Masks were de rigueur and hand sanitiser frequently used – but that did not detract from the ordination of Fr Paschal Uche in Brentwood Cathedral on 1 August. The service featured music from a cantor and drummers from the Blessed Cyprian Tansi Choir, reflecting his family’s Nigerian heritage, and from friend Edwin Fawcett, renowned for his music ministry in East London. The small congregation included family members – sadly, the Covid-19 situation meant that Paschal’s father Jerome was watching the ordination from Nigeria – and certain members of the clergy who had shared his journey. His immediate family all dressed in white, while the musicians wore traditional dress. His mother, Francesca, and sister, Blessing, read the first reading and sang the psalm respectively.
Fr Paul Keane, a priest of Brentwood Diocese and Vice Rector of Oscott where Paschal has been a seminarian, testified to his ‘worthiness’ to be a priest, recommending him to Bishop Alan on behalf of all those concerned with his training.
In his homily Bishop Alan spoke about priesthood and what it might hold. He spoke without notes but very obviously from the heart to a young man he knows well. Although so many were watching via the livestream it seemed almost as if the two were in a room by themselves: a spiritual father speaking to a son. “The first part of this conversation is just me talking to you – the others can listen in if they want to.” Bishop Alan spoke of his joy in the ordination and appeared moved at times as he reflected upon it.
He spoke about the sense in which Paschal was consecrating his priesthood to Mary with his attachment to Walsingham and Lourdes – the picture on his order of service and prayer card reflected this. “It is almost as if you have two mothers here today – Francesca and Our Lady.”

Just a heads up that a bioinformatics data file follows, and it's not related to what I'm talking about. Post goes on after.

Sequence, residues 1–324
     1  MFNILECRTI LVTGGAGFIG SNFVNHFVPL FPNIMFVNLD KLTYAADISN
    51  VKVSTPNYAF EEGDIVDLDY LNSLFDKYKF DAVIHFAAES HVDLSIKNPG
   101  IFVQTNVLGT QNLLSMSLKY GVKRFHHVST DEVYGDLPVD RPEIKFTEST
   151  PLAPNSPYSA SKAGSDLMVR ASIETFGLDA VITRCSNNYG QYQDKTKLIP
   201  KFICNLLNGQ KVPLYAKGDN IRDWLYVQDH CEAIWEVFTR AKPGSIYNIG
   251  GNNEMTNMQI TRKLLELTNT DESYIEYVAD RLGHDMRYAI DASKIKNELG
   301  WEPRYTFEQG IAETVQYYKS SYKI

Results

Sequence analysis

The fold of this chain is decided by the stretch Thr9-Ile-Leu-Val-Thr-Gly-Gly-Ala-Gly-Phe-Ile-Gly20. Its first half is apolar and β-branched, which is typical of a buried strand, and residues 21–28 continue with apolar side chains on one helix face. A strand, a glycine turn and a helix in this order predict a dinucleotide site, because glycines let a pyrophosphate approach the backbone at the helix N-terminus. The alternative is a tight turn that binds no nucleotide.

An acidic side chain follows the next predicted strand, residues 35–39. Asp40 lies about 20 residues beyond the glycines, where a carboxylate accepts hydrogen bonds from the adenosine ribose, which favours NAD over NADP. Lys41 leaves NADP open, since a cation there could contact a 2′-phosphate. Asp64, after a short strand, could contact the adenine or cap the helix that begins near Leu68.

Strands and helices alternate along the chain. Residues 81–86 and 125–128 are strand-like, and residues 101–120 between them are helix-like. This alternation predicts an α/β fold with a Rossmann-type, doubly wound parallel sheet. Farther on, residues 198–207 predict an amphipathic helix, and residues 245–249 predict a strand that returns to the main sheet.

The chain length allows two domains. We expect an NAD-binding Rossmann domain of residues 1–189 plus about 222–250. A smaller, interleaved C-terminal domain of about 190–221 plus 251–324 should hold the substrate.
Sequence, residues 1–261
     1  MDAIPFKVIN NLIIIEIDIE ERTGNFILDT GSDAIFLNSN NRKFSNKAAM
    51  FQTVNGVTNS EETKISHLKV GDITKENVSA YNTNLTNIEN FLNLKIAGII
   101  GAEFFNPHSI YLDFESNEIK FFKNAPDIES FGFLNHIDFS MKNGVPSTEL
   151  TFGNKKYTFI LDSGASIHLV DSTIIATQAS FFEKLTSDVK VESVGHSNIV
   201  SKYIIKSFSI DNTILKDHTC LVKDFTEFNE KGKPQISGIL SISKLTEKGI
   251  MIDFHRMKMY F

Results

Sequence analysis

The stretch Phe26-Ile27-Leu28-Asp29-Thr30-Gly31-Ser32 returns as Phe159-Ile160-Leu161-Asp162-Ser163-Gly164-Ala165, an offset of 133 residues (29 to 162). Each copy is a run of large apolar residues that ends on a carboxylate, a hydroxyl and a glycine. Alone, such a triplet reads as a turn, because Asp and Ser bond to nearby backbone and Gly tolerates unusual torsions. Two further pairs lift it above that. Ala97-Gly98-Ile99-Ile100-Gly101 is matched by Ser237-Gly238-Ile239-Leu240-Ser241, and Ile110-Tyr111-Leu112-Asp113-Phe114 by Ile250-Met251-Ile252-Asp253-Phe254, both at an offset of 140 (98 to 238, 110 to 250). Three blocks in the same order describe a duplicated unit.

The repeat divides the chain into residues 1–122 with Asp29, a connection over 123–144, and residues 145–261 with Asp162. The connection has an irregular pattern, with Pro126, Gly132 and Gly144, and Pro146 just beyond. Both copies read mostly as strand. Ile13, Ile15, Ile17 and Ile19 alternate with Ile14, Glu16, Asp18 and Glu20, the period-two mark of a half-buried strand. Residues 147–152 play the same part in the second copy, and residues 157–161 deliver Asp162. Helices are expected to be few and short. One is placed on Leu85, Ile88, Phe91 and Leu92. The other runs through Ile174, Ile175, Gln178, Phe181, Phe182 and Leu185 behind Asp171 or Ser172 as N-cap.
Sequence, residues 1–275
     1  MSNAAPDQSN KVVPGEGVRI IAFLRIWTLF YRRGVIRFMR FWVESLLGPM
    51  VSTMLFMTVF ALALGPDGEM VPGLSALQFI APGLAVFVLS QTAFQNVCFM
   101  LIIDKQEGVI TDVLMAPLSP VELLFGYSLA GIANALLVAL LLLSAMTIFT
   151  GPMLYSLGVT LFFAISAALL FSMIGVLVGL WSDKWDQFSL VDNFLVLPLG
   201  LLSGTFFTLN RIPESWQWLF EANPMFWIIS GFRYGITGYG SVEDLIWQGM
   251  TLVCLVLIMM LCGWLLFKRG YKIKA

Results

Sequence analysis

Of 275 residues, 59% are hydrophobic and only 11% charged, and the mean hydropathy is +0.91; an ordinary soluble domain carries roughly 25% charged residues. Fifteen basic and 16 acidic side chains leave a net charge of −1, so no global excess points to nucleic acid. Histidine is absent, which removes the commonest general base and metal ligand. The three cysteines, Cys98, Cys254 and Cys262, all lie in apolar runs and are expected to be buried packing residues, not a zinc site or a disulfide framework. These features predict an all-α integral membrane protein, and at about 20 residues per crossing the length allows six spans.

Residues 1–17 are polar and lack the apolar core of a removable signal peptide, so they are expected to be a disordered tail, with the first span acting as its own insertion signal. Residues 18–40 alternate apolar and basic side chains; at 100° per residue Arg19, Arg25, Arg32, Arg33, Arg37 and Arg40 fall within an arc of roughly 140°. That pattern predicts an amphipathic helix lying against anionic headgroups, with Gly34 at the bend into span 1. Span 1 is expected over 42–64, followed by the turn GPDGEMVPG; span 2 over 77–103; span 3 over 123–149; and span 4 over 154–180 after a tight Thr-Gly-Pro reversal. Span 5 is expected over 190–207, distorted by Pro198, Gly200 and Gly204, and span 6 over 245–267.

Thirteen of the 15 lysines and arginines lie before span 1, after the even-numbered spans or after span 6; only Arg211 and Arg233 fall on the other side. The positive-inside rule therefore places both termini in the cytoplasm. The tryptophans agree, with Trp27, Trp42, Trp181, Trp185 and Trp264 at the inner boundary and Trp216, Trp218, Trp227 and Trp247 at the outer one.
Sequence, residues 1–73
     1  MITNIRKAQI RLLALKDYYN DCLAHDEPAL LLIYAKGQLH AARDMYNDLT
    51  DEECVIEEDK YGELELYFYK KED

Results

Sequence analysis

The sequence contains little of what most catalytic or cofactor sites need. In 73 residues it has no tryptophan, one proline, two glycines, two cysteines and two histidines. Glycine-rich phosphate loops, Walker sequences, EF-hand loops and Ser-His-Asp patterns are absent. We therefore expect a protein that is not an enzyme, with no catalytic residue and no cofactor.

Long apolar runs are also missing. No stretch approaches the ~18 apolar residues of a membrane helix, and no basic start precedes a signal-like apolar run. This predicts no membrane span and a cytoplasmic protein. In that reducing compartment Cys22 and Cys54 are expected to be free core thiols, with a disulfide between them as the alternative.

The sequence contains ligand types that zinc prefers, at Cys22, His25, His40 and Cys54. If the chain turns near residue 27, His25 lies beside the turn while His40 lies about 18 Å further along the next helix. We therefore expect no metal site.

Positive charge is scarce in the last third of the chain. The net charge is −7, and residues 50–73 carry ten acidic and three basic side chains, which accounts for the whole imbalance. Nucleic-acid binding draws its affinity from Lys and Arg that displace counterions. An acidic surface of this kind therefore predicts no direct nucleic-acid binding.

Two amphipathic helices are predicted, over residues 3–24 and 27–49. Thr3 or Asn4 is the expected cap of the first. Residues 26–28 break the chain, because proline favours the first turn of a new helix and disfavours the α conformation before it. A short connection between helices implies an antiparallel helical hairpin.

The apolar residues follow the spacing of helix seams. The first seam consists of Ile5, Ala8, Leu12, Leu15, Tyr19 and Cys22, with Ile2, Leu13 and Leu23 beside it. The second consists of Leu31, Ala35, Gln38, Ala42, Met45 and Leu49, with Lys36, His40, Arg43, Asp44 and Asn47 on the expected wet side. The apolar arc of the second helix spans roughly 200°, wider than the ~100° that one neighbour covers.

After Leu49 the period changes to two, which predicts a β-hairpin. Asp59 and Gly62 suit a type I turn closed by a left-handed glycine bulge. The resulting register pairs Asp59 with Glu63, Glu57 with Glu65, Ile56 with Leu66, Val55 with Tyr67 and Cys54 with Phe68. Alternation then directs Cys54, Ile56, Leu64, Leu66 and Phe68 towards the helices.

He talked about calling, referring to the reading from Jeremiah. “Jeremiah thought himself not ready, not suitable, just as we might – but the key is to accept that we are chosen. The supreme example of someone who said yes is Mary, the Mother of God. Talk to her if you feel unsure of anything,” he said. The Letter to the Hebrews had much to say about priesthood of Jesus Christ and what that means, he added. He spoke about both the joys and the challenges of the vocation. “Priesthood is a life with Jesus. When a priest celebrates the sacraments, it is heaven meeting earth.”
He said that Paschal should have courage and joy in preaching the Gospel.
“Keep your eyes fixed on Jesus – the model priest – and don’t allow yourself to be distracted. Like Jesus, deal gently with people. Never let there be a time when you forget that the grace and mercy of Christ is transforming. There may be times of challenge, when you think ‘what on earth is going on?’ – difficult situations. In the midst of suffering, a priest goes to the cross with Christ. A life with Jesus means service with Jesus, prayer to the Father, suffering and passion. But try to think with a mind like Jesus and the body and blood of Christ will be present through you.” The Gospel reading from John tells us to love one another, he said. Quoting from Julian of Norwich, he added: “We think of the cross, the passion, the tomb of Jesus and love is his meaning.”
Later Paschal lay prone on the marble floor before the altar for many minutes before the laying-on of hands. In normal circumstances, this would have been undertaken by all the priests of the diocese: on this occasion just Bishop Alan, Mgr John Armitage and Fr David Donaghue, a friend who also trained at St Mary’s Seminary, Oscott, laid their hands on Paschal’s head. Then his own hands were anointed with the Oil of Chrism by Bishop Alan.